Be that as it may, the report made numerous recommendations – 68 which seem to be partly if not whole heartedly accepted by the Supreme Court and the Bar Council. It is the conviction of the writer that what is needed as above explained is a fresh culture of the legal profession, the Judiciary and the Government as well as the House of Representatives. What is needed is a common will and determination to work together to solve the problems. Further specialised Divisions of the District Courts should be introduced to achieve specialisation of judges and appearing advocates to expedite proceedings.  The Committee recommended – 69 the setting up of a Task Force to deal with backlogs, a review group to examine the introduction of the new Appeals Court, the establishment of a Courts Service for the management administration and support of the Courts, assignment of case management to judges in each district, day in day out Court hearings, E-Justice, three judges instead of the  five in administrative law appeals, an expanded role of registrars, interview boards of the Supreme Court for appointment, access to ICT hardware and software for Judges, DAR of Court proceedings (Digital Audio Recording), Alternative Dispute Resolution (ADR) in consumer and injuries cases, active encouragement of mediation, modification of the current two year rotation system of Judges, training of Judges, mentoring arrangement for Judges who need it and fee collection through the use of electronic means.

All recommendations are welcome as a way forward. It may be that they do not tackle all the problems or sufficiently. But Cyprus has no option. Already a year has elapsed and progress has been slow. It seems to be the rule of the day unfortunately. Unless immediately implemented the system will collapse.

  1. The Courts Reform

The Minister of Justice just before his departure from the Ministry as a result of this resignation – 71 put before the House of Representatives three Bills – 70 approved by the Council of Ministry in May 2018, to amend the relevant provisions of the law setting up two new Courts to succeed the Supreme Court of Cyprus of 1964 set up in the aftermath of the communal division culminating in the withdrawal – 72 of Turkish Cypriots from the constitutional organs of the Republic – 73.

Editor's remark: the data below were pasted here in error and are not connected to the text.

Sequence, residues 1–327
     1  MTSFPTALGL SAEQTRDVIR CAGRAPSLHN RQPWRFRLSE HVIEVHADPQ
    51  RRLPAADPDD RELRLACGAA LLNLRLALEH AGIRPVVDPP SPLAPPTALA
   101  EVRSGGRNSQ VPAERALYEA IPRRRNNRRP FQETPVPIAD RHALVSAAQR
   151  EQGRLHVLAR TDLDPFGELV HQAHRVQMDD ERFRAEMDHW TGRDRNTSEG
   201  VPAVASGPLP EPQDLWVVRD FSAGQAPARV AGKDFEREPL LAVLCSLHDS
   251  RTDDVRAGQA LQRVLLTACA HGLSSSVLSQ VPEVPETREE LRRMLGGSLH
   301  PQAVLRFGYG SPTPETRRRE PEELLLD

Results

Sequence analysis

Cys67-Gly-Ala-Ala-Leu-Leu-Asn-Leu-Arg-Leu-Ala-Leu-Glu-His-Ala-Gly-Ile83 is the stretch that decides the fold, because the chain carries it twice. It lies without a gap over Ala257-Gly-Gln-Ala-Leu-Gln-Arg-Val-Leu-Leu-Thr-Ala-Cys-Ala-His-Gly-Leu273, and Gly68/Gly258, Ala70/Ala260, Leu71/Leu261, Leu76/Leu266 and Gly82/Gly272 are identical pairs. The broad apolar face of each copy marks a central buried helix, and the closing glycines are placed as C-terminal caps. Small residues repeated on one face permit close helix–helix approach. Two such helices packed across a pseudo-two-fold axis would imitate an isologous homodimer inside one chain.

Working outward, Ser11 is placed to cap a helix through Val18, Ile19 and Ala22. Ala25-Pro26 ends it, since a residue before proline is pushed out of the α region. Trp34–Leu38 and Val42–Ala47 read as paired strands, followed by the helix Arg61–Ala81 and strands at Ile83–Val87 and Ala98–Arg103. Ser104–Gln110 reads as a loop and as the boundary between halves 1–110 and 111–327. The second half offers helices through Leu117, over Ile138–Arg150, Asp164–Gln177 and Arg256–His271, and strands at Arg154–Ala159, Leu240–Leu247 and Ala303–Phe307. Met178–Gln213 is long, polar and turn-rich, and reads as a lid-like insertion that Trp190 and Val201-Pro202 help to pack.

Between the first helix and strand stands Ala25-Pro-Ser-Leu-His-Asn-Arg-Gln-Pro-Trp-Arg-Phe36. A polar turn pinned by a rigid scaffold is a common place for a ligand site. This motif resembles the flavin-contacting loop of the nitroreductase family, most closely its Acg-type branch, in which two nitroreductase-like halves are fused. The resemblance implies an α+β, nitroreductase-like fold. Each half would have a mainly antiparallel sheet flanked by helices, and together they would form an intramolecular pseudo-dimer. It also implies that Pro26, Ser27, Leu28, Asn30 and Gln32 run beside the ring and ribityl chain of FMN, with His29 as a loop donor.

68  Pages 166-189 Functional Review of the Court System of Cyprus, March 2018

69 Page 166

70 See above note 65

71 His resignation was announced 2 May 2019

72 Administration of Justice (Miscellaneous Provisions) Law 1964, Law 33/1964

73 See C. Clerides, The Cyprus Legal System 2017, Nomiki Bibliothiki pages ….. and the …………… case


The 1964 law created a unified Supreme Court with combined jurisdiction of the Constitutional Court and the Supreme Court, (Higher Court) the former vested with Public Law jurisdiction and the latter with civil and criminal appellate jurisdiction and first instance in the field of Prerogative Writs, Admiralty and Charities amongst other. – 74. Now with the new proposed bill it is intended to revert to the old constitutional structure of a Supreme Constitutional Court and a Supreme Court (Higher Court). The former will hear Public Law cases under the Constitution Provisions at first instance and appeals with leave to appeal only in important cases. The latter criminal and civil appeals by leave only, from the new Appeals Court. The Appeals Court is a new institution which will take over the backlog of some 4000 appeals pending before the existing Supreme Court to be abolished.